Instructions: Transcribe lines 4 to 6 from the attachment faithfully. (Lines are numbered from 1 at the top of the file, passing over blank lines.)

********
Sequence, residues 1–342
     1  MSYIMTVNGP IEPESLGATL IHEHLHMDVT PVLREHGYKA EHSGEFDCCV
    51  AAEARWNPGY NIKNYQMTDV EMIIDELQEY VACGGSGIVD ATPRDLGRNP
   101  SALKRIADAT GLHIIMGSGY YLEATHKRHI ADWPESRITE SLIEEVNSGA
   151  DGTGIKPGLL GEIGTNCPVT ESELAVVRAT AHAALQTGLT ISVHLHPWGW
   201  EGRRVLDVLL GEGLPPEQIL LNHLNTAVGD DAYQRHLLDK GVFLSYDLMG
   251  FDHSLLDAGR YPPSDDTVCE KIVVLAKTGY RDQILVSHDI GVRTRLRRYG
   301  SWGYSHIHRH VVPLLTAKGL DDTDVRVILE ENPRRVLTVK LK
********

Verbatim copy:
   101  SALKRIADAT GLHIIMGSGY YLEATHKRHI ADWPESRITE SLIEEVNSGA
   151  DGTGIKPGLL GEIGTNCPVT ESELAVVRAT AHAALQTGLT ISVHLHPWGW
   201  EGRRVLDVLL GEGLPPEQIL LNHLNTAVGD DAYQRHLLDK GVFLSYDLMG